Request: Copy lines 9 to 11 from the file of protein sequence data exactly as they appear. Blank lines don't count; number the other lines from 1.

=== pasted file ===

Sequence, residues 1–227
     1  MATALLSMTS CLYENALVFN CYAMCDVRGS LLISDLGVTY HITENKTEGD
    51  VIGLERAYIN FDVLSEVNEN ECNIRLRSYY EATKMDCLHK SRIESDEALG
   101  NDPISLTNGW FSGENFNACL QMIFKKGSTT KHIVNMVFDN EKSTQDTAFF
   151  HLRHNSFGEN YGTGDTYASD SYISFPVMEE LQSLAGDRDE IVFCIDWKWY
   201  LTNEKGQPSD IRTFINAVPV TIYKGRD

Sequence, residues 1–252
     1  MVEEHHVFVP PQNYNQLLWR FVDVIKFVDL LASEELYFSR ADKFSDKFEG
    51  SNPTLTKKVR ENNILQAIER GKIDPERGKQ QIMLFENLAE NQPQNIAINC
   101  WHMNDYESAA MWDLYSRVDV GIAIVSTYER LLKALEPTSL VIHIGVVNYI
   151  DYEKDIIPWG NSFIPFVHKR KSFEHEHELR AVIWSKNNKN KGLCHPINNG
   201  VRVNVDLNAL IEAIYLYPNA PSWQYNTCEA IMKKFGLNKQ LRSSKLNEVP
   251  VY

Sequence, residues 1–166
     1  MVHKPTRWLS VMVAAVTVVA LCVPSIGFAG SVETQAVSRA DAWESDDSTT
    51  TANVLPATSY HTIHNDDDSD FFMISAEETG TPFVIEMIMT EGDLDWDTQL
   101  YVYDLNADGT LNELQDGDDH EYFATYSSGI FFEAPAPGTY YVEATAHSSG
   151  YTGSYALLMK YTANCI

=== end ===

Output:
    51  SNPTLTKKVR ENNILQAIER GKIDPERGKQ QIMLFENLAE NQPQNIAINC
   101  WHMNDYESAA MWDLYSRVDV GIAIVSTYER LLKALEPTSL VIHIGVVNYI
   151  DYEKDIIPWG NSFIPFVHKR KSFEHEHELR AVIWSKNNKN KGLCHPINNG